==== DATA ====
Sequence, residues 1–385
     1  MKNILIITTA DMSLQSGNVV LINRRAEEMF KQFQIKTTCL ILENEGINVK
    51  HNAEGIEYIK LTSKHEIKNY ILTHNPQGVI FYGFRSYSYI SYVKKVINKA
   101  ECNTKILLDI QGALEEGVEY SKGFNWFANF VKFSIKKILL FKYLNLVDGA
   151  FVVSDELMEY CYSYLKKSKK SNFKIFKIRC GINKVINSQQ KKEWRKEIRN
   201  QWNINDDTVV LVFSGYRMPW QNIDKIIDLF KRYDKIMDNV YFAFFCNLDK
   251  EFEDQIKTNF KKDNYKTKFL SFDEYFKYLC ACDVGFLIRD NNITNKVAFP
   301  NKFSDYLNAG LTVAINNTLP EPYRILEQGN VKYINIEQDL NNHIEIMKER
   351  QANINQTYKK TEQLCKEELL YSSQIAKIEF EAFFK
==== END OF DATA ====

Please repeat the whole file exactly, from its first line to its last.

Sequence, residues 1–385
     1  MKNILIITTA DMSLQSGNVV LINRRAEEMF KQFQIKTTCL ILENEGINVK
    51  HNAEGIEYIK LTSKHEIKNY ILTHNPQGVI FYGFRSYSYI SYVKKVINKA
   101  ECNTKILLDI QGALEEGVEY SKGFNWFANF VKFSIKKILL FKYLNLVDGA
   151  FVVSDELMEY CYSYLKKSKK SNFKIFKIRC GINKVINSQQ KKEWRKEIRN
   201  QWNINDDTVV LVFSGYRMPW QNIDKIIDLF KRYDKIMDNV YFAFFCNLDK
   251  EFEDQIKTNF KKDNYKTKFL SFDEYFKYLC ACDVGFLIRD NNITNKVAFP
   301  NKFSDYLNAG LTVAINNTLP EPYRILEQGN VKYINIEQDL NNHIEIMKER
   351  QANINQTYKK TEQLCKEELL YSSQIAKIEF EAFFK